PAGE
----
Plastic Molding Industry Conference: The K-Show shows an increase in international exhibitors
Following the recent K-Show in Dusseldorf, which is the annual German trade show for the plastics and rubber industry, organisers have seen a growing trend of exhibitors coming from the Asia-Pacific region. Is this due to an increased demand for plastics from the area, highlighting a movement of resources from the US and Europe?
At this year’s K-Show, 58% of exhibitors came from outside Germany. With European and US economies still suffering from the global slowdown, countries across the Asia-Pacific region have managed to create more opportunities, leading to a growth in their plastics industry. They’re seeing more optimism from their customers and the industry has grown by an average of 9% annually. Even though they are still heavy exporters to Western countries, they have seen an increase in consumption at home, enabling them to continue this growth and buck global trends.
Regional Business Initiatives
One of the ways in which the Asia-Pacific area has increased trade amongst regional countries is to set up various trade initiatives. This prioritises links between neighbouring countries and makes trading between them much easier. The Association of South-East Asian Nations (ASEAN) has set up a Free Trade Agreement, which has reduced import fees amongst member nations. By 2015 they’ll have created the ASEAN Economic Community, which aims to foster a single-market approach to production and sales among its members.
Investing in Plastics
The Asia-Pacific plastics industry has had major investments over the past few years and analysts are estimating that it will see between 10 and 15 per cent growth by 2018. This is partly due to the increase in sales of electrical goods and cars. In particular, there has been a considerable jump in sales of more fuel-efficient cars, which demand smaller and lightweight parts manufactured from plastic.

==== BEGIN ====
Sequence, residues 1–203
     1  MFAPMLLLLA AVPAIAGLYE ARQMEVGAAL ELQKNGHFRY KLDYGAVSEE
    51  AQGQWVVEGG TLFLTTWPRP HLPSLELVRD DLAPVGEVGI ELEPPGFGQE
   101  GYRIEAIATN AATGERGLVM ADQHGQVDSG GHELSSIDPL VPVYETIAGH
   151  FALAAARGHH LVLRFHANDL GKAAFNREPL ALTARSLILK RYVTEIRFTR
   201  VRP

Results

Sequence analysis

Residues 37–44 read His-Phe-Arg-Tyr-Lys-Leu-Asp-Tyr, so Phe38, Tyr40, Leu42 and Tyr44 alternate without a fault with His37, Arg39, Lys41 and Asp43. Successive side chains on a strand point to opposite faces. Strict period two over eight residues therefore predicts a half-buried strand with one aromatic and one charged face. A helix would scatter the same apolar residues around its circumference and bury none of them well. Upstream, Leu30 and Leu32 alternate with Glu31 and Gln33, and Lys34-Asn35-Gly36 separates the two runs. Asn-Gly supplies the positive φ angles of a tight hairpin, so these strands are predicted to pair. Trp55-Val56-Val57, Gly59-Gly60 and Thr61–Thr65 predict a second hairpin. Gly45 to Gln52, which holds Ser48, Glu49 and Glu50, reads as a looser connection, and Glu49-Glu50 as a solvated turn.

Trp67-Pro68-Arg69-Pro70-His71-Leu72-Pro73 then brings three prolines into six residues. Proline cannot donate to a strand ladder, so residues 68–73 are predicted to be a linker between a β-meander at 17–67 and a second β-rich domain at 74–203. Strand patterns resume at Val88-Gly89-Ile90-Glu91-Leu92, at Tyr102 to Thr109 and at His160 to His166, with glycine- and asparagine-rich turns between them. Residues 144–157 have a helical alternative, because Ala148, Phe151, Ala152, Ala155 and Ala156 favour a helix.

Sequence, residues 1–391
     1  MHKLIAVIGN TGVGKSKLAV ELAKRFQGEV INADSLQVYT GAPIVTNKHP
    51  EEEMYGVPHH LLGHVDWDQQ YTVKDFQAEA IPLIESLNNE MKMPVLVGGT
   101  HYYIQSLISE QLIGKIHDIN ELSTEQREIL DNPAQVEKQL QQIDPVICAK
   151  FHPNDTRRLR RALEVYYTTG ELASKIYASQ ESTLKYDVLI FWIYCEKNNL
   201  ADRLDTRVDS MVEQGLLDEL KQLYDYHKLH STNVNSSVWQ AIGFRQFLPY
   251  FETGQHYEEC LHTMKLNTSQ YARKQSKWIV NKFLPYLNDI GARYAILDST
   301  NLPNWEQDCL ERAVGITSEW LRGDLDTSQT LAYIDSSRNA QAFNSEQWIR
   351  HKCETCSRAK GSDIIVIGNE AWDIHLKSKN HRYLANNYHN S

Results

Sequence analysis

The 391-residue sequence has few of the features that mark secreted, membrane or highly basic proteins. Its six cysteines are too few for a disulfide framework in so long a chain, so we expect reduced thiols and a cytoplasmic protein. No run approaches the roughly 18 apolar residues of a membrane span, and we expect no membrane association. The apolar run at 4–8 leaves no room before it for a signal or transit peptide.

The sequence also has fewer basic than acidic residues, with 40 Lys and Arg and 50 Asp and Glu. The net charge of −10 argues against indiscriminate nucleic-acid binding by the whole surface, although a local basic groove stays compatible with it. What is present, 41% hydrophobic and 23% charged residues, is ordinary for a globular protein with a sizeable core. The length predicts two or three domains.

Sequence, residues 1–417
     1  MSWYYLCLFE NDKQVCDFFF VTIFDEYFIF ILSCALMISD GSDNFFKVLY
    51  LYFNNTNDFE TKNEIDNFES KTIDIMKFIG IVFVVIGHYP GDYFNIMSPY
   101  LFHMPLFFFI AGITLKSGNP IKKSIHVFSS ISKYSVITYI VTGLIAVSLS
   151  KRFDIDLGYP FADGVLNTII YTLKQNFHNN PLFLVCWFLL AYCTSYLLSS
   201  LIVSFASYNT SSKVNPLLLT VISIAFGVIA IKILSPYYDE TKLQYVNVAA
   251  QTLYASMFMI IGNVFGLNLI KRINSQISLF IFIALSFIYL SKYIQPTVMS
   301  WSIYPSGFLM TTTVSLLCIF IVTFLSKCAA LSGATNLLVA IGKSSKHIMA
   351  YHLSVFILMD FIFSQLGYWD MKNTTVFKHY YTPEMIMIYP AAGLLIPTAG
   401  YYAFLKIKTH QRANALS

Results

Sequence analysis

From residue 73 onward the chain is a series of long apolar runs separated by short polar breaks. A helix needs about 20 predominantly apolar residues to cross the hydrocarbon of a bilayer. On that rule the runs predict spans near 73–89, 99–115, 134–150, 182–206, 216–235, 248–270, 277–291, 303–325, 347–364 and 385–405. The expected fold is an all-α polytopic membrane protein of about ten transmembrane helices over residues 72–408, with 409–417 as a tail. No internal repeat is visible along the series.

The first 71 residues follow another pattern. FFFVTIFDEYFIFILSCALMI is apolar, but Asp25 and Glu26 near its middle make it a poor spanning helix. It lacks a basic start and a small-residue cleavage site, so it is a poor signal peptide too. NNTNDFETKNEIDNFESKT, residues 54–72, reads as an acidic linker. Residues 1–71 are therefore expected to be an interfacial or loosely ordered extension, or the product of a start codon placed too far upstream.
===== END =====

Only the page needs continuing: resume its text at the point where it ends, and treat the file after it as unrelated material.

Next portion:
Countries across the region have seen an increased need for plastics in a variety of different industries. This reflects the differences in consumer needs and requirements throughout the countries. Indonesia in particular has seen an 11% rise in revenue from the plastics industry. 70% of this has come from food and drink packaging companies.
Malaysia, on the other hand, has had a growth in the demand for plastics from the medical devices industry. This is set to be worth around €1.27 billion by 2015. The increase has come about because of greater access to health services, an older population and an increase in the number of tourists visiting the country for medical procedures.
Thailand is the hub of Asia’s automotive industry, helping to foster demand for plastics. This now accounts for 8.1% of GDP and is expected to reach capacity for 2.3 million units in 2014. The industry has benefitted from the free-trade agreements and local initiatives that are in operation.
With so many different requirements, there is now an increased demand for plastics within the Asia-Pacific region. Generally, their economies are becoming much more competitive against the US and European nations and the plastics industry has been one of the main beneficiaries of this.